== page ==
China and India, as neighbours and two of the world’s fastest growing economies, approach several key global issues with similar perspectives.

“We have converging interests when it comes to international issues. Therefore, it is not surprising that collaboration is increasing significantly.”

Kantha admitted there were problems, such us border disputes. “But we will not let them get in the way of the development of relations.”

In 2015, China and India, together with other BRICS partners, worked to launch the New Development Bank, which is headquartered in Shanghai and headed by an Indian president.

India also supported China establishing the Asian Infrastructure Investment Bank last year, with India being the second largest shareholder.(IANS)

Next Story

Trade War Between Washington and Beijing Effecting Farmers

Roger Lande says sometimes China does things “we don’t like,” but all relationships, with family, friends and business associates, have ups and downs.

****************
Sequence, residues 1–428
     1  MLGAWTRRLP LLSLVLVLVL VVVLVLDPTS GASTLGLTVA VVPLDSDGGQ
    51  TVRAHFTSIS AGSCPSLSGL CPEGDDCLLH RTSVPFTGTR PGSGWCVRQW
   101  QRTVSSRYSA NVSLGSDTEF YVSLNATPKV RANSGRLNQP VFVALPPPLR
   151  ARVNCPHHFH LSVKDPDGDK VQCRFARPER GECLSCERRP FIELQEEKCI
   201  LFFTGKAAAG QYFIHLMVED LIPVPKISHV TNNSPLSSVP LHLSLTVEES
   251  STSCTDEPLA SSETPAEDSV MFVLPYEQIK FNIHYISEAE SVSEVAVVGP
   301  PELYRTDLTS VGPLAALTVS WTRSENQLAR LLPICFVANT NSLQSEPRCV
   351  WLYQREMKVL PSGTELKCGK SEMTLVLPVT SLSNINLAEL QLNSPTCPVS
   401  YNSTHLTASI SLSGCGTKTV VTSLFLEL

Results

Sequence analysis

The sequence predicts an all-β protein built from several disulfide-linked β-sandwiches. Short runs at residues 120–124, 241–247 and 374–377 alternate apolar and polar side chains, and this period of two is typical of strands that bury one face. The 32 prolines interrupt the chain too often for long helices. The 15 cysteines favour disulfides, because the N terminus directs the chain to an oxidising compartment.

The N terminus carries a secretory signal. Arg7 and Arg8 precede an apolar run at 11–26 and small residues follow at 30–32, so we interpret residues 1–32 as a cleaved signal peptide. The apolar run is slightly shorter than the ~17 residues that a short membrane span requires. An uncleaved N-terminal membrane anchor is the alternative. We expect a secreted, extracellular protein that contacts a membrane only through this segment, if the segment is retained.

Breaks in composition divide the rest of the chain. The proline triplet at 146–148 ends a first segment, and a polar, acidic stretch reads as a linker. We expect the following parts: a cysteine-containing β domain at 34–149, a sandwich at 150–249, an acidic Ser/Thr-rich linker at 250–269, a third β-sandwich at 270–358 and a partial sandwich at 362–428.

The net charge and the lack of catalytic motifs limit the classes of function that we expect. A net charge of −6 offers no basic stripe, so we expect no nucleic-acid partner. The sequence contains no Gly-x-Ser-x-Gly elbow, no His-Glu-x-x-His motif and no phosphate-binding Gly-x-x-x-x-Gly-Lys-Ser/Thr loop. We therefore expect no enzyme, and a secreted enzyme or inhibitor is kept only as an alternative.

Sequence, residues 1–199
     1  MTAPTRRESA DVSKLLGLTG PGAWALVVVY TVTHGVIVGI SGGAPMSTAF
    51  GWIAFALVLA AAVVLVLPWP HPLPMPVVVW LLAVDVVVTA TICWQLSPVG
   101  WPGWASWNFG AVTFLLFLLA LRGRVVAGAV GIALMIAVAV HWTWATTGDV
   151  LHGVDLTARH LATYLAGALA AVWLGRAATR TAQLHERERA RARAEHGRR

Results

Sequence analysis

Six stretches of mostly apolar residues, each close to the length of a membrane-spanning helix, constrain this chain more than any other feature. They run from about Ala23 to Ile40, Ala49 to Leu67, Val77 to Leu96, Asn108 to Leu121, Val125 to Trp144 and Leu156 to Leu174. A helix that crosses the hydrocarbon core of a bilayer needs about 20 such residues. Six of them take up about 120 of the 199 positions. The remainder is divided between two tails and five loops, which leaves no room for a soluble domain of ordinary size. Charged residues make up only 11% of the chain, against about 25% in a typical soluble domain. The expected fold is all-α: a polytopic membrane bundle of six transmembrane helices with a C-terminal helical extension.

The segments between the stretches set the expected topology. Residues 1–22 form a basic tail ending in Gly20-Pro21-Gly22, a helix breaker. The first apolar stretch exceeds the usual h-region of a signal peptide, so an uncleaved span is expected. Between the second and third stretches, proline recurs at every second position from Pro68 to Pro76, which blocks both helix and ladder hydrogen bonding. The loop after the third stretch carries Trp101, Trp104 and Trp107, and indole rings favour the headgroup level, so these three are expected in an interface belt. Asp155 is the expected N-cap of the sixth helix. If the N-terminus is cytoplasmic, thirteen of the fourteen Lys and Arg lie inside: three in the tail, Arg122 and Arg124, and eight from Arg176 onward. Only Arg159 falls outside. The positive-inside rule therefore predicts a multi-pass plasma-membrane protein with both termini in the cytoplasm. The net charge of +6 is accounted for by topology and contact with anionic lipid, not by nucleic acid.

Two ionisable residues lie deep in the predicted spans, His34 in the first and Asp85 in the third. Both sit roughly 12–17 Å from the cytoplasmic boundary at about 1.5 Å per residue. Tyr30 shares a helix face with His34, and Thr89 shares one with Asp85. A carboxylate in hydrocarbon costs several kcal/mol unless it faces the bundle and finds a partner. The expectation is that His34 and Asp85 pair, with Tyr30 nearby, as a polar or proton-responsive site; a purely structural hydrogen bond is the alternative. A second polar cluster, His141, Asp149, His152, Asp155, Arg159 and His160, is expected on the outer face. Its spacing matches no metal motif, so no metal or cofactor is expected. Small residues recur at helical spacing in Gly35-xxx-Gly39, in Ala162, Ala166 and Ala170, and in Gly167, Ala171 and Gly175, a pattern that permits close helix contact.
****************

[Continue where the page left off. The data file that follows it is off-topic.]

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China, USA, Trade War
U.S. President Donald Trump and Chinese President Xi Jinping participate in a welcome ceremony at the Great Hall of the People in Beijing, China. VOA

The trade war between Washington and Beijing is hurting farmers who grow huge amounts of soybeans in Iowa for export to the massive Chinese market.

Farmers in Iowa hope that the strong commercial and close personal relationships that China and the U.S. farm state have nurtured for many years will help the two sides overcome complications like the record U.S. trade deficit with China.

Chinese President Xi Jinping has visited Iowa farmers repeatedly over the past couple of decades and former Iowa governor Terry Branstad is now the U.S. ambassador to Beijing.

The close ties have been strained by Washington’s allegations that China unfairly manipulates markets, steals American intellectual property, and creates bureaucratic obstacles to trade. China also accuses the United States of unfair practices.

FILE - Justin Roth holds a handful of soybeans at the Brooklyn Elevator in Brooklyn, Iowa, Nov. 21, 2018.
– Justin Roth holds a handful of soybeans at the Brooklyn Elevator in Brooklyn, Iowa, Nov. 21, 2018. (voa0